Some "near-final" thoughts on the poet, writer, essayist, blueberry picker Thomas J. McSheey. Yes, I know that months ago I had promised a quick end to my research on McSheey, and a quick death to him as well, but I'm having trouble letting go.
Also, besides researching McSheey's biography, I have been busy at work these past months / year editing and proofreading my latest book (with co-author Jim Coogan) entitled Cape Odd. As its subtitle suggests, the new book, due out in November, contains "Strange & unusual stories about Cape Cod." This weekend I'm having a final look at the printer's proof before we send it off to print. Again, I'm having trouble letting go.
It certainly is an "odd" book. For instance, all the chapters begin on odd pages. There are 17 chapters in the book, with the last chapter beginning on page 117 - both odd numbers (and 17 is prime to boot). The title, Cape Odd, has seven letters - odd and prime. The subtitle, "Strange & unusual stories about Cape Cod" has seven words (if you count the ampersand). And it is being released in the 11th month of the year - again, odd and prime.
So, this Christmas - Hanukkah - Holiday season look for Cape Odd in a bookstore, gift shop, library, or dentist waiting room near you.
To continue with my McSheey research...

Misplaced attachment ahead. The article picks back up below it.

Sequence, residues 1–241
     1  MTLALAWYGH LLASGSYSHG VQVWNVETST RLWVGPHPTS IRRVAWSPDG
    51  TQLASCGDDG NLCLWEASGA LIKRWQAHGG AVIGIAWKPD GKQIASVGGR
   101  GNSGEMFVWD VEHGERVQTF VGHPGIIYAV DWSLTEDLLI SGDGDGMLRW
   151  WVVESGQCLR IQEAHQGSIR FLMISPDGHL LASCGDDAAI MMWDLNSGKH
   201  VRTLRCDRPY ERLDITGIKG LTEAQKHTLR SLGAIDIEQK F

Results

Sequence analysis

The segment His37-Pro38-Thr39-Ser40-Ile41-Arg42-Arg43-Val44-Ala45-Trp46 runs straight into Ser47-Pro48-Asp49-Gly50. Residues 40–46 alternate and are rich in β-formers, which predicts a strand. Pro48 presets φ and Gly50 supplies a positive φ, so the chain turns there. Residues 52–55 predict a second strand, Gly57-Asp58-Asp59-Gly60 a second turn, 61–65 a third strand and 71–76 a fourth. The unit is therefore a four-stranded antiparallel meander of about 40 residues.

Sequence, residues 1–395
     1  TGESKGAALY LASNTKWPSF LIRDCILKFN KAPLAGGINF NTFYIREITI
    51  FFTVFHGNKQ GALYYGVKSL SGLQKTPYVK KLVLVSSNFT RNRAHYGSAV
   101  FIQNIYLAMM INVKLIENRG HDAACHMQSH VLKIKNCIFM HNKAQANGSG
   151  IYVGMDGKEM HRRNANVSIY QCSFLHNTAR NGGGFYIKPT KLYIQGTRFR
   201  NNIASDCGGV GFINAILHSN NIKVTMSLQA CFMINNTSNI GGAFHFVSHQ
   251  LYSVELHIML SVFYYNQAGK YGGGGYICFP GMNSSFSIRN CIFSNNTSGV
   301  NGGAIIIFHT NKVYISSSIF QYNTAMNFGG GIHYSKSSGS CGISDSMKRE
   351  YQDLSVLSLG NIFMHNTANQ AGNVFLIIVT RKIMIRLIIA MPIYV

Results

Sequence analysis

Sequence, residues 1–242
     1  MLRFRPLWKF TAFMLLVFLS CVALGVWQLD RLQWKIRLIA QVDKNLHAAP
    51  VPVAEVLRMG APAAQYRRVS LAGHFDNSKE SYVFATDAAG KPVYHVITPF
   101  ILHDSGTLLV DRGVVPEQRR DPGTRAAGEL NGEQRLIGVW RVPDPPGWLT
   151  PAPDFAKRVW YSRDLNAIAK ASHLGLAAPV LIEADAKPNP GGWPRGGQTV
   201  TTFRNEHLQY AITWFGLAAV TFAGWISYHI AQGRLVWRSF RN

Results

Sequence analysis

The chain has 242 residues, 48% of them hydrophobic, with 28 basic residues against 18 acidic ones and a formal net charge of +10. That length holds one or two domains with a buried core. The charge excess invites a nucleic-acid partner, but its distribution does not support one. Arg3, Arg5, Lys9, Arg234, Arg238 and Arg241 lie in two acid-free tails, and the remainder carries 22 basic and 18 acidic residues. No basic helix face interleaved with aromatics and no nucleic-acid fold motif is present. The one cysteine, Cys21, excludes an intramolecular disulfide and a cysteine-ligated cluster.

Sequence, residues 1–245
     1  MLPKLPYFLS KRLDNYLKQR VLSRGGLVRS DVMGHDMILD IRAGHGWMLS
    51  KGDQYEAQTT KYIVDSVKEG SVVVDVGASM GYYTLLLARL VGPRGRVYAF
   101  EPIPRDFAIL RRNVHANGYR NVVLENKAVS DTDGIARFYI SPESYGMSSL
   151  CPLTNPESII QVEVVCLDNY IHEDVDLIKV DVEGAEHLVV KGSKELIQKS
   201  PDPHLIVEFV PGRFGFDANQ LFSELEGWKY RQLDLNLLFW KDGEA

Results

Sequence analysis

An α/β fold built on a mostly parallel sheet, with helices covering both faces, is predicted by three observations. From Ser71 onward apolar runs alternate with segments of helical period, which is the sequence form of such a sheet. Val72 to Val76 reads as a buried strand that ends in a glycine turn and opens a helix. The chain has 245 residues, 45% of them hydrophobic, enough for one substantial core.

In order to make ends meet, the poet Thomas J. McSheey took paying jobs from time to time. One such job found him working for an eccentric book publisher who had the strange notion to combine certain classic literary works so the reader could enjoy two famous novels at the same time.
In that vein, McSheey edited the texts for a number of novels, dovetailing the plots and characters in ways to present both stories in one abbreviated format, yet while keeping intact some of the main themes.
For instance, in his edited version of The Grapes of Wrath by John Steinbeck and The Great Gatsby by F. Scott Fitzgerald, under the new title The Grapes of Gatsby, 1920's socialite Daisy Buchanan from Gatsby runs off with Depression-era share cropper Tom Joad from Grapes, the two eventually settling in Phippsburg, Maine where they open a gift shop.
Other edited works by McSheey included Of Mice and Moby Dick (featuring the novels of Steinbeck and Herman Melville), The Strange Case of Dr. Jekyll and Jane Eyre (by Robert Louis Stevenson and Charlotte Bronte), War and Prejudice (by Leo Tolstoy and Jane Austen), and Wuthering Women (by Emily Bronte and Louisa May Alcott).
Unfortunately, the concept never caught on, although McSheey's version of Huckleberry Frankenstein (by Mark Twain and Mary Shelley) received rave reviews for its "tender depiction of the undead rafting along the mighty Mississippi."
PS: Coming in November (besides my new book, Cape Odd, Harvest Home Books, 128 pgs, $11.95, what a shameless plug) -- the final, absolute, artistically inspired death of the poet pagan-twig-collector Thomas J. McSheey ... I swear!
PPS: In the spirit of the "occasional-pagan/occasional-Christian" McSheey, I wish all my devoted readers (all 3 of you ... again, an odd, prime number) a Happy Halloween - Hallowmas - All Hallow's Eve - Samhain - All Saint's Day - All Soul's Day.